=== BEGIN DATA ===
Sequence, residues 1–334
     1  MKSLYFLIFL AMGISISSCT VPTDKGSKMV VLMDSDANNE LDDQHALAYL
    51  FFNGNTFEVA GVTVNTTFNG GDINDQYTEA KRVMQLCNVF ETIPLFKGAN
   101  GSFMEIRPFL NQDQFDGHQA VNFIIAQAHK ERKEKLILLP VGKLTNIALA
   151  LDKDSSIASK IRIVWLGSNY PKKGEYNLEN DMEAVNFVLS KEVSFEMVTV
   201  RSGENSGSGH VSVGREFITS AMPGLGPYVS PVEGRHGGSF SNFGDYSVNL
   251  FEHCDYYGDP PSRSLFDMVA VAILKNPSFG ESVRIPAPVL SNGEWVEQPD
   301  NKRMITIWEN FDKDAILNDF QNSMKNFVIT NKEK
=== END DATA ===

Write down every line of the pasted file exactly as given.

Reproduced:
Sequence, residues 1–334
     1  MKSLYFLIFL AMGISISSCT VPTDKGSKMV VLMDSDANNE LDDQHALAYL
    51  FFNGNTFEVA GVTVNTTFNG GDINDQYTEA KRVMQLCNVF ETIPLFKGAN
   101  GSFMEIRPFL NQDQFDGHQA VNFIIAQAHK ERKEKLILLP VGKLTNIALA
   151  LDKDSSIASK IRIVWLGSNY PKKGEYNLEN DMEAVNFVLS KEVSFEMVTV
   201  RSGENSGSGH VSVGREFITS AMPGLGPYVS PVEGRHGGSF SNFGDYSVNL
   251  FEHCDYYGDP PSRSLFDMVA VAILKNPSFG ESVRIPAPVL SNGEWVEQPD
   301  NKRMITIWEN FDKDAILNDF QNSMKNFVIT NKEK